Jon Margolis

Jon Margolis

Jon Margolis is VTDigger's columnist. He is the author of The Last Innocent Year: America in 1964, left the Chicago Tribune early in 1995 after 23 years as Washington correspondent, sports writer, correspondent-at-large and general columnist. Margolis spent most of his Tribune years in the Washington Bureau as the newspaper’s chief national political correspondent. In 1988, he was a one of the journalists asking questions of Senators Lloyd Bentsen and Dan Quayle in their televised vice presidential debate. Before joining the Tribune in 1973, Margolis had been the Albany Bureau Chief for Newsday. He was the first reporter on the scene of the Attica prison rebellion in 1971, and spent the entire first night inside the prisoner-held “D” yard. Earlier, Margolis was a reporter for the Bergen Record in Hackensack, N.J.; the Miami Herald and the Concord Monitor (N.H.). In addition to The Last Innocent Year, published by William Morrow in 1999, he is the author of How To Fool Fish With Feathers: An Incompleat Guide to Fly Fishing (Simon and Schuster, 1991) and The Quotable Bob Dole — Witty, Wise and Otherwise, (Avon Books, 1995). He also wrote two chapters of Howard Dean: A citizens Guide to the Man Who Would be President (Steerforth, 2003). A native of New Jersey, Margolis graduated from Oberlin College in 1962. He served in the US Army.

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    Margolis: Penny-pinching part of the Scott plan

    Proposing to save a penny on every dollar is not a policy. It may be “a goal, a concept,” but it is not a plan.

    Margolis: Demonizing taxes is un-American

    When Democratic candidate for governor Sue Minter suggested that the Blue Ribbon Tax Commission’s recommendations be given another look, she might as well have proposed the spread of cholera germs — judging by the reaction of the Vermont GOP.

    Margolis: The politics of automobile welfare

    America’s vehicle transportation system is a perverse form of socialism under which everybody is taxed so the drivers and their passengers can ride around without paying the full cost of their trips.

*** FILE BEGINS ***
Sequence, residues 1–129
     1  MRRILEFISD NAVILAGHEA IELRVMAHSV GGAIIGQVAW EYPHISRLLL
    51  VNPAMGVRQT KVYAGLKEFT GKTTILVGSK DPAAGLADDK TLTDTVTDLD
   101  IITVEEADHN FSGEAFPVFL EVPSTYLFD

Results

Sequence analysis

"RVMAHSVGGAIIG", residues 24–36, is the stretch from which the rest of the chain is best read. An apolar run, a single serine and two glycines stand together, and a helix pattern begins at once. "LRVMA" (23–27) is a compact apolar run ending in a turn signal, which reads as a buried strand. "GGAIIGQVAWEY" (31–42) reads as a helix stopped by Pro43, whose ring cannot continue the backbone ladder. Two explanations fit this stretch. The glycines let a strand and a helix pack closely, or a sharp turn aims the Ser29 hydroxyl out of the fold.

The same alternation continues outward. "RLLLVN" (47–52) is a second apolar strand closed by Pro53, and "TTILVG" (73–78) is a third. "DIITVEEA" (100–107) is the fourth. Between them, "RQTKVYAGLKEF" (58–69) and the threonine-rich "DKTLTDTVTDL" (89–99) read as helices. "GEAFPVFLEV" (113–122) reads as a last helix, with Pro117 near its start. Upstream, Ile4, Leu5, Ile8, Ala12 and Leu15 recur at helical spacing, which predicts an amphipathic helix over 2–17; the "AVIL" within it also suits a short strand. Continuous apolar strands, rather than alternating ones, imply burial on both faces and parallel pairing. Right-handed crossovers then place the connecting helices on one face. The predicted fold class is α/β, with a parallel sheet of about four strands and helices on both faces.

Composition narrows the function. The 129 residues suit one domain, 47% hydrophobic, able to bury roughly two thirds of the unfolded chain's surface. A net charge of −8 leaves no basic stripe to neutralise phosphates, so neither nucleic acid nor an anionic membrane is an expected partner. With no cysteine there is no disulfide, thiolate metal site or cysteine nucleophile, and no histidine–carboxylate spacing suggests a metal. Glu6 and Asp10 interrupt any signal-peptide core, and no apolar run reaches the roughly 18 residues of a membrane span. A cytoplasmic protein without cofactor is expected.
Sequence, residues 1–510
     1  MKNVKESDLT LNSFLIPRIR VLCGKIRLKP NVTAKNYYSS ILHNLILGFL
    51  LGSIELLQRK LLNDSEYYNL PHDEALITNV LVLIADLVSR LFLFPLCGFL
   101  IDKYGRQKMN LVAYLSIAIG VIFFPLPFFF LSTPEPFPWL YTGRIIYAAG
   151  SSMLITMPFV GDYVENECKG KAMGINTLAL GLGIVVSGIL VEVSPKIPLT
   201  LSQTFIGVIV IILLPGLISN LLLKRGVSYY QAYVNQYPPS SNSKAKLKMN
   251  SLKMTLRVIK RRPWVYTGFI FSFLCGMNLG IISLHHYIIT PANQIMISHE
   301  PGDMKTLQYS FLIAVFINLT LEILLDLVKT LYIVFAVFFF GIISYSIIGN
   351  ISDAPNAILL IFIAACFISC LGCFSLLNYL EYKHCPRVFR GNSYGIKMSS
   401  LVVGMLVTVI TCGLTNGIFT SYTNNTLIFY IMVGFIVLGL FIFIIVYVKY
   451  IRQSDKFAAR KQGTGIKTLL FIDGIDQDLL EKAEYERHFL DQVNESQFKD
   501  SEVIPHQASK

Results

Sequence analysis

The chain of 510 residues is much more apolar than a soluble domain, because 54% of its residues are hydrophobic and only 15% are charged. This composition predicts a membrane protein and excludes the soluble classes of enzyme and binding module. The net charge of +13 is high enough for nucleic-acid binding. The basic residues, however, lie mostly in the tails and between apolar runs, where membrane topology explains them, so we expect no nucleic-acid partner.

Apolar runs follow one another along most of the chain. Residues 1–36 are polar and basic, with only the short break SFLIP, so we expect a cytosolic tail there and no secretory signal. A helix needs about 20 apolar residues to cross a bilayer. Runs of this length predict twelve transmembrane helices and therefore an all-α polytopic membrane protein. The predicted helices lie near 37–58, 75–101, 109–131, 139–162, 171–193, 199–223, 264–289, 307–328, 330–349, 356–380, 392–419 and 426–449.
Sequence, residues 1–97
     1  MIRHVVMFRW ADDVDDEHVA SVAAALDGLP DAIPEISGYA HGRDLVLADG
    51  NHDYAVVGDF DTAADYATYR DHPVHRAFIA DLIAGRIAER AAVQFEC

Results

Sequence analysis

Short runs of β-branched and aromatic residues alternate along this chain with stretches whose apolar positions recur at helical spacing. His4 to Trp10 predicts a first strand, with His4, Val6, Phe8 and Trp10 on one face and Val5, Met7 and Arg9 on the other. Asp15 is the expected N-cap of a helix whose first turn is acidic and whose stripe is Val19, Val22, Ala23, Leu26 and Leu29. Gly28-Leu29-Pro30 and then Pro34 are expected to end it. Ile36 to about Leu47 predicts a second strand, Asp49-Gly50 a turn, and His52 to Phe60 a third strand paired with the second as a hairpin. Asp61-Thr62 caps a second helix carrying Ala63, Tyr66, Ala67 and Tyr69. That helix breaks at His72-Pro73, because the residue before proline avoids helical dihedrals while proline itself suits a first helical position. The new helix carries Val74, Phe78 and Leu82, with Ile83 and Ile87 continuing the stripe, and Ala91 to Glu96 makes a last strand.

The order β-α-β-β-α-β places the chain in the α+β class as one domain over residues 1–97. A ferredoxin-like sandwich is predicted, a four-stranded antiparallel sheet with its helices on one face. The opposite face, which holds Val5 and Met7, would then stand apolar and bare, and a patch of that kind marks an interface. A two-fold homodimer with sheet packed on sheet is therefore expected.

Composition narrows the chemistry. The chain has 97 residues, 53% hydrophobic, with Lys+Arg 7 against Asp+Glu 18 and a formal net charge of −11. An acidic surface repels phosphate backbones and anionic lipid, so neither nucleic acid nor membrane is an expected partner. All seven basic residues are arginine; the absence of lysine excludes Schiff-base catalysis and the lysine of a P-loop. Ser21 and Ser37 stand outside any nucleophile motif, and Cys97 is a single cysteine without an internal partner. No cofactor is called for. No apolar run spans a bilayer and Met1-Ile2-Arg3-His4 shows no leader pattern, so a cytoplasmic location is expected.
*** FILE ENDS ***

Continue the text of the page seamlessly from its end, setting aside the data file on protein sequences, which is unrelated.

Margolis: Vermont party politics crosses to the silly side

    Just as one might begin to wonder what could be sillier than Vermont Democrats, along come Vermont Republicans to bail them out.

    Margolis: Drowning in a tide of arrogance

    Which came first at the Public Service Board: the police state tactics or the obstructionist zealotry?

    Margolis: Political high ground? Nope, just beach sand

    The whole conversation this year about personal wealth and public policy has been muddle-headed. And no one has muddled it more than Bernie Sanders.

    Margolis: For Republicans, Scott is the life of a small party

    The Democratic turnout this year was almost the same as in 2010, the last time that party had a contest for governor. So the Republican fall-off can’t be attributed to having moved up the primary.

    Margolis: ‘The Vermont way’ to win or lose an election

    Bruce Lisman’s money bought him little more than humiliation, losing by some 20 percentage points to Phil Scott. But a slew of TV ads in the final days before the primary explains state Sen. David Zuckerman’s apparent victory in the Democratic primary for lieutenant governor.

    Margolis: Sowing doubt, but is it from GMO seed?

    Like so many political debates, this one may be as much tribal and psychological as scientific and rational.

    Margolis: If this is ‘boring,’ then let’s have more

    The governor’s race is a substantive one in which all five principal candidates are making serious public policy proposals. Second, not one of them is a fool or a scoundrel.

    Margolis: For a scandal, it takes more than the latest emails

    Perhaps Bernie Sanders, who has lost elections before, understands that while losing can be honorable, whining about it is not. Would that all his followers understood that, too.

    Margolis: Why Vermont has little to fear from Florida

    There is scant evidence that scads of wealthy Vermonters have been decamping to Florida, or anywhere else for that matter, because of taxes or any other factor.

    Margolis: For Sanders and his crowd, the end of a wild ride

    for a few weeks — after the New Hampshire primary March 1, after the Michigan primary a week later — it appeared not all that foolish to speculate that Sanders could win the nomination, meaning he could win the presidency.

    Margolis: Why ‘cure’ Vermont’s economy if it isn’t sick?

    The common theme among the Vermont economy sourpusses is that taxes are too high and regulations too stringent, discouraging business expansion.